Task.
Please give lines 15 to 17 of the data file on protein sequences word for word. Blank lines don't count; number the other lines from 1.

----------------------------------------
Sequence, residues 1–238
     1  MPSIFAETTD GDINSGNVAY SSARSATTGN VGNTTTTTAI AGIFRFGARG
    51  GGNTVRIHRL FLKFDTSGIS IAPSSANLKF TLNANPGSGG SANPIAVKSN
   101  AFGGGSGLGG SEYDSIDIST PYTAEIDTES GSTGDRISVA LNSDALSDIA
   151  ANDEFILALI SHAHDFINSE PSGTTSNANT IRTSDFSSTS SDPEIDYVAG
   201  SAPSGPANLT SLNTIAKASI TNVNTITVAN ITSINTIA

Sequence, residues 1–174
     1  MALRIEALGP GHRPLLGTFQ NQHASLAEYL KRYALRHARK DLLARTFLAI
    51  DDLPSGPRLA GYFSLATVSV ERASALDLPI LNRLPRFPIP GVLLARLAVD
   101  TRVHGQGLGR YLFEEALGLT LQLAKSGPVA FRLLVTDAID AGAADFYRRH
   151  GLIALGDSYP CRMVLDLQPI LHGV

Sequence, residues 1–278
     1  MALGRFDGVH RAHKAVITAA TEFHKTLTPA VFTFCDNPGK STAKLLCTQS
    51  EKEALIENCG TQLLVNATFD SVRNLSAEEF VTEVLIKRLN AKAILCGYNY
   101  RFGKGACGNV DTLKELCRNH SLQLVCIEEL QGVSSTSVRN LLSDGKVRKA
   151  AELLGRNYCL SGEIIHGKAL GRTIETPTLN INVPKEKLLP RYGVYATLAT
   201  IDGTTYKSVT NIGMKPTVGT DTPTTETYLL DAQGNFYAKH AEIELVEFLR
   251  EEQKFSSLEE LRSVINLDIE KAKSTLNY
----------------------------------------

   101  RFGKGACGNV DTLKELCRNH SLQLVCIEEL QGVSSTSVRN LLSDGKVRKA
   151  AELLGRNYCL SGEIIHGKAL GRTIETPTLN INVPKEKLLP RYGVYATLAT
   201  IDGTTYKSVT NIGMKPTVGT DTPTTETYLL DAQGNFYAKH AEIELVEFLR